January 14, 2022, 9:04 PM
Matthew “Murph” Murphy and Dan Haggis take Radio X’s John Kennedy on their fifth album.
The Wombats are back with their fifth album, Fix yourself, not the world. The sequel to 2018 Beautiful people will ruin your life, the record started life three years ago, before COVID arrived and changed the world.
With the leader Matthew “Murph” Murphy now based in Los Angeles, the trio began working on demos in 2019, but had to record the album itself during lockdown: Murph stayed in California, drummer Dan Haggis was in London and Tord Øverland Knudsen returned to his native Norway.
A series of singles with titles such as If you ever leave, I’m coming with you and Everything I love is going to die, continued Murph’s portfolio of honest yet humorous lyrics.
The title of the album – Fix Yourself, Not The World – also drew some comments in these turbulent times. “It can open doors to conversations that you wouldn’t usually have,” Murph says of the name of their latest album.
Dan adds: “Personally, I remember talking to my mom’s partner about the title and a few days after that he was like, I thought more about this kind of idea… Everybody down their own little terrier from bunny around that kind of thinking.”
“You accept that in fact, most of the time, you need to figure out who you are, what you want to be, how you want to act and all the rest… So that you can then help your partner or your neighbors be the best they can be…so they can actually work properly.”
Murph and Dan sat down with John Kennedy of Radio X to talk about the songs from Fix Yourself, Not The World, piece by piece.
turn me inside out
Murphy: “I had this vision of someone kind of trapped in an apartment in Brooklyn trying to figure out their life and failing dramatically. It’s a very offbeat song for us, extremely frenetic. We had the felt like it was a really cool way to start the album.”
This car drives itself
Murphy: “Someone said to me: we row, but the universe rules. And I became obsessed with this idea and I was trying to find a new way to express it. Once, I was walking the dogs and a Prius passed, but I couldn’t. I didn’t see anyone in the driver’s seat. That’s where the title of the song comes from.
If you ever leave, I’m coming with you
Murphy: “It’s something my wife told me a long time ago and lived on in my notes. I’m sure I tried to put it somewhere on the fourth album, but I couldn’t. – so I’m very happy that he finally found a home. I’ve tried to explain it a million ways, but really it’s just about not wanting anything very special to happen. breaks down and breaks down. What can I do to make sure that doesn’t happen? And the answer is I’m so desperate it doesn’t happen. I’ll do anything.”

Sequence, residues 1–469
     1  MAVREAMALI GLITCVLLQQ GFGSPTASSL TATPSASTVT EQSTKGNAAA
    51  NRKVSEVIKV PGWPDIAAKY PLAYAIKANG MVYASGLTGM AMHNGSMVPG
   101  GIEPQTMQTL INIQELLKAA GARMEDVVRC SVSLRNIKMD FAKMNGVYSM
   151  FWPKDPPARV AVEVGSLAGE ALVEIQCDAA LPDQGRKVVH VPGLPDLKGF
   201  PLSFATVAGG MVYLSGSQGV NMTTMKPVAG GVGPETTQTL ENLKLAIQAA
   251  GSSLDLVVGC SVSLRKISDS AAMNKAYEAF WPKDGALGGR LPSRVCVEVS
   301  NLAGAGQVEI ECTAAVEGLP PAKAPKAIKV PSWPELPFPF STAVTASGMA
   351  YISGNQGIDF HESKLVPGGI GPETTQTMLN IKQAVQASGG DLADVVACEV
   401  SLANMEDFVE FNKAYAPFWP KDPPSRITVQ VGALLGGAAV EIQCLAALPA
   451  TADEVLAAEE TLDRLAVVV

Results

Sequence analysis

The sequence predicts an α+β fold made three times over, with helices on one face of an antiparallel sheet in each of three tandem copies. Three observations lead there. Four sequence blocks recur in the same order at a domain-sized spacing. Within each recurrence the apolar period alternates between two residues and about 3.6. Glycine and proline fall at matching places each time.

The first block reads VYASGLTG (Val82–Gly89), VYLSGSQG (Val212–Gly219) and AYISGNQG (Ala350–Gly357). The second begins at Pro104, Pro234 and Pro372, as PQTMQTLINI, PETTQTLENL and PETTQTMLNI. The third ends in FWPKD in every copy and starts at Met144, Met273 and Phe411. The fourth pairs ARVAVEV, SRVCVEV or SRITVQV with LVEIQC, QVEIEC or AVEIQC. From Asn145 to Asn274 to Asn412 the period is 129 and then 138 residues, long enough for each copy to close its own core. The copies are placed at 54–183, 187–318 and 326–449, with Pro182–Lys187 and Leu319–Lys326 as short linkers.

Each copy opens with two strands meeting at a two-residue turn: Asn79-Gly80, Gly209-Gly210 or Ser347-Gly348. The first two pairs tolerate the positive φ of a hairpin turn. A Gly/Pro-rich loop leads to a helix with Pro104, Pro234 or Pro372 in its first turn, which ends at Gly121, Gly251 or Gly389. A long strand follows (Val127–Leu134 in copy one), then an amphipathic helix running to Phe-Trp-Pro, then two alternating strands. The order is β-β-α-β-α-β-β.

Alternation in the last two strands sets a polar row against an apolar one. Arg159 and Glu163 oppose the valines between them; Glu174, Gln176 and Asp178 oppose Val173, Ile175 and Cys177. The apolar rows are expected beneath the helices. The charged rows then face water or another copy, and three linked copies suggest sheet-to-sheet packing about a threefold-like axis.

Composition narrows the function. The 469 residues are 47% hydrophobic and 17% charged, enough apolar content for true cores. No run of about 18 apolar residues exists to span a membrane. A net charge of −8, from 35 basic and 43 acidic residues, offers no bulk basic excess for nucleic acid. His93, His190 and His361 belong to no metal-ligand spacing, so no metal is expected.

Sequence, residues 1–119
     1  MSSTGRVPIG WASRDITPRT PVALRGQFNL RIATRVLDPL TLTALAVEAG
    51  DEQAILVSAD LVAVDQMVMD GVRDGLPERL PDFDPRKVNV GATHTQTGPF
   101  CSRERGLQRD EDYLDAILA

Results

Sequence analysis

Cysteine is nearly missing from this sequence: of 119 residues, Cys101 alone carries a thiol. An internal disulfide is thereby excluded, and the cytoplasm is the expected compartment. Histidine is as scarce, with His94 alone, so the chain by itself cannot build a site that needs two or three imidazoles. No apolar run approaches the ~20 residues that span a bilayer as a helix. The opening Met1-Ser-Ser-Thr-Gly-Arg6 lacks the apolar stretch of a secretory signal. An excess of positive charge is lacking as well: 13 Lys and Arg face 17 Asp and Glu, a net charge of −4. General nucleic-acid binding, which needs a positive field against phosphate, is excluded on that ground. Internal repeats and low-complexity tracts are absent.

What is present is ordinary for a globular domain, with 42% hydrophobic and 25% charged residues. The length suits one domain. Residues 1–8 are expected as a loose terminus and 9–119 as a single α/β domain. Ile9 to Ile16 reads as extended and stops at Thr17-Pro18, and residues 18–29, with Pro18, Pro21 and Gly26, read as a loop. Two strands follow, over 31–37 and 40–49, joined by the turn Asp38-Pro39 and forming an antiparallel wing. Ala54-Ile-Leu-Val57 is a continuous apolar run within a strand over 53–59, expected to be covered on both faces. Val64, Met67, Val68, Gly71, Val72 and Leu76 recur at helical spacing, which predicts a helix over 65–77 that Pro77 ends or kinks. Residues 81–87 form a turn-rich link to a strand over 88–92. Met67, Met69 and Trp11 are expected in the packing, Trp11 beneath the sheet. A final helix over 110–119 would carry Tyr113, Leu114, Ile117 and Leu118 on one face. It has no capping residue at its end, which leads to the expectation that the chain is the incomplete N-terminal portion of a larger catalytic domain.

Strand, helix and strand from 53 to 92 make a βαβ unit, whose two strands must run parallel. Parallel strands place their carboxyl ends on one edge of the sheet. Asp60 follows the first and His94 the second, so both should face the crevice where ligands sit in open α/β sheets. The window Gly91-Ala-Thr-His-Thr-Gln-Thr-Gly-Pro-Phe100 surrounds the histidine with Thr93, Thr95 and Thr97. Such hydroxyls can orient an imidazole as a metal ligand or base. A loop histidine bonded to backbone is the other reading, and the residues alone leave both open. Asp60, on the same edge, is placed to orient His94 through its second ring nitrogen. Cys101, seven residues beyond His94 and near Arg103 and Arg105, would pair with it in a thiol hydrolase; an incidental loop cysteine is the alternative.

Ready for the high
Murph“It was the first song we did for the album and it was a big influence on what was to come. We were talking vaguely about going from alternative 90s grunge to something like Blur’s The Universal or Flaming Lips or whatever. thing like that. I don’t know if he fell in either of those places.”
Murphy: “We have this food delivery thing in Los Angeles called Methodology, so I had this jar that said ‘Methodology.’ honey and some feelings i had after i got married i felt like everything had changed but also everything was still the same the end is about letting it all go and just saying a little f** k it, you’re not going to understand this. It’s very complicated and you have no chance.”
People don’t change people, it’s time that changes
Murphy: “It’s about an actor or actress who comes to LA for the first time, with all of these high hopes, dreams, aspirations. LA is one of those brutal cities like London that can slowly whittle them down .”
Everything I love is going to die
Murphy: “It’s not as dark as the title suggests. It should be liberating, I think. It’s about living in the present and maybe being a little more grateful than usual. That also plays with the idea that you have to be present, but you don’t want to live too much at the moment, because sometimes it will have quite dark consequences for your future self. It’s all about treasuring what you have and living in the moment.”
Work is easy, life is hard
Murphy: “Is it about canceling culture? People keep saying that. I think there are elements. I’m not really trying to do political songs because they’re hard to do. It’s slightly political. I was in a bit of a strange place at some point in 2020, and felt like there were some very simple solutions offered to help solve very, very complicated problems. I’m a little fed up.
Murphy: “It has nothing to do with the California wildfires. But I think they were raging at the time.”
Dan“Describing someone as a wildfire is great imagery and also has a lot of connotations that you can’t control the uncontrollable.”
Don’t touch the bear
Murphy: “I had a bad cold that Tord gave me, and I was walking around my neighborhood sneezing all over and trying to get the lyrics out. I’d say the meaning is pretty ambiguous, to say the least. can say. But I don’t. I guess it’s probably about knowing when to back off.”
Murphy: “It’s also about worry and obsessive-compulsive disorder. I sometimes find myself getting into the habit of saying, Oh, the volume on the TV needs to be at a multiple of three or something, or I’m moving It’s about noticing it, doing your best to dodge it if you can and if you can’t, to really accept it.
Fix yourself, then the world (Go beyond your fingers)
Dan: “I think it was important to end on a positive note and play around with the title of the album a bit. There’s tons of conversations we can have about the title of the album, but there’s also several ways in which it can be misinterpreted.”